As a child when you were in the kitchen and tried to make very important healing potions by mixing various liquids together you must have noticed one thing, well I did at least. Some liquids, no matter how much you stir them seem to never mix like oil and water. But more importantly, if you don’t shake or stir it, both liquids seem to exist in layers. Why is that so? Density is what is responsible for it.
Density in simple terms is a measurement that determines the amount of matter in any given object, liquid in this case, in relation to its occupied volume. To make it easier to understand, let’s say we have two containers filled with an equal amount of water 100ml, but one container is mixed with 15 grams of sugar while the other is mixed with 5 grams of sugar, therefore the former one is denser as the greater amount of matter is in present in less volume.
Density also depends on two other variables temperature and pressure. By changing either of these, the density of an object can be altered. Its formula is, mass divided by volume. Now let’s get experimenting.
Density experiments can be done in many ways and with various liquids. However, today we will discuss the teacher’s and mother’s favorite experiment known as the Density Column. As it can be done with materials available in most households. Depending on how many layers you want to make you can use all or some of the mentioned liquids. Also, note that all of these liquids are at room temperature.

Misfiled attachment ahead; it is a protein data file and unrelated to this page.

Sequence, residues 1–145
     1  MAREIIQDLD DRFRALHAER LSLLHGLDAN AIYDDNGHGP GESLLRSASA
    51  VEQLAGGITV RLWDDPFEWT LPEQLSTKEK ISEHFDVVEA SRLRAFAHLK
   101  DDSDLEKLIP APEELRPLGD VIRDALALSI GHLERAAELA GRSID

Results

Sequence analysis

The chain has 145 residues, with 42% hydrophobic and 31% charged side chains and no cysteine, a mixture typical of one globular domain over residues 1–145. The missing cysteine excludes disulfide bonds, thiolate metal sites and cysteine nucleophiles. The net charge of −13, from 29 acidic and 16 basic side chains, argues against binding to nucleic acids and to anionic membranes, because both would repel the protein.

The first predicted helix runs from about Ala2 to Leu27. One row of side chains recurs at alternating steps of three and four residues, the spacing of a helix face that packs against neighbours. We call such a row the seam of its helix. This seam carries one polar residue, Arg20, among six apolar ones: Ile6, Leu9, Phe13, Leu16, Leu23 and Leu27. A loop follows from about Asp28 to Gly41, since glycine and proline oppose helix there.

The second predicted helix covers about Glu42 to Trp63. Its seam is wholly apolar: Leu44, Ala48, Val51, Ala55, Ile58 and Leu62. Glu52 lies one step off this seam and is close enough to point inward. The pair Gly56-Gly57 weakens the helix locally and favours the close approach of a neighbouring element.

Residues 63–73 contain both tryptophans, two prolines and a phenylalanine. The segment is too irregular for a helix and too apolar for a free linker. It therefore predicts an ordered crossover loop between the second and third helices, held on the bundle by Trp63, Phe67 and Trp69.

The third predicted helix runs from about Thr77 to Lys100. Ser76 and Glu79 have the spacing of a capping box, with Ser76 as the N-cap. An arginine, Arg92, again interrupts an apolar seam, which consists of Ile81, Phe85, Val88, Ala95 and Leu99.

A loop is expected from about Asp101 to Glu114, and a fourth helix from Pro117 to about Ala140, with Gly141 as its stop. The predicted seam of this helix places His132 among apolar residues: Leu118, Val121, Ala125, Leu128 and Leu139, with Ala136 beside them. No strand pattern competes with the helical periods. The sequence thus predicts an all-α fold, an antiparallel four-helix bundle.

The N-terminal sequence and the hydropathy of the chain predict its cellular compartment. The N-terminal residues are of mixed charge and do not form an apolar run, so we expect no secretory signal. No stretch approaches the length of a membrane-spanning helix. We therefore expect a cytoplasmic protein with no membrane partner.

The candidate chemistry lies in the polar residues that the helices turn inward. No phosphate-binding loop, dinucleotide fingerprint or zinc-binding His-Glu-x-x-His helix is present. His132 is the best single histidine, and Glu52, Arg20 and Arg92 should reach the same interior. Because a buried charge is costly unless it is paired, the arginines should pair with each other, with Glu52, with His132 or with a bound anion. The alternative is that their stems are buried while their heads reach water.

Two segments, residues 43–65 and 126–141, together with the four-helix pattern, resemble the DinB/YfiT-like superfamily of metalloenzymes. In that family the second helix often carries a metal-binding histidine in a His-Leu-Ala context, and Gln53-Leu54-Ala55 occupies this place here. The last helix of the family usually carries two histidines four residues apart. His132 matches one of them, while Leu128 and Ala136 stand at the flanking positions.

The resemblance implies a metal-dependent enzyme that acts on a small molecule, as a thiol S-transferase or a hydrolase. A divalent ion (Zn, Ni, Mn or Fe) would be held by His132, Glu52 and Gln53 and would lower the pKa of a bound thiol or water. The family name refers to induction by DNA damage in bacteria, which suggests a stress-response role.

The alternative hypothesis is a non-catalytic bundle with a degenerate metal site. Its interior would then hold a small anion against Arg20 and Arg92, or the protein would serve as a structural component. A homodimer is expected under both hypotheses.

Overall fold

- Cooking oil
- Some form of container
Now begin with pouring the honey at the bottom of the container and try not to touch the sides of the container while pouring any of the liquid as it can disrupt the laying process. Followed by a layer of syrup and do the same as with honey. Then add water to the container and by far this will be the easiest pour of them all. Finally, add the final layer of oil on the top and that’s pretty much it. You have created a beautiful masterpiece of different layers that are all liquid but separated due to their varying densities.
The science behind the experiment
The basic principle here is that we pour the heaviest liquid at the bottom and as we go up creating layers, we start adding less dense liquids. Another reason why it works is because of the properties of some of them like oil and water, no matter how much you try to combine these two they just don’t mix while other liquids don’t mix because of their viscosity. Eventually, some liquids will combine together, for example, honey and syrup, if you want to create a separate layer among them just add a liquid with an in-between density of these two, perhaps a dish soap.
Overall, it is a fun little experiment anyone can perform and it sparks children’s curiosity and makes them attracted to science.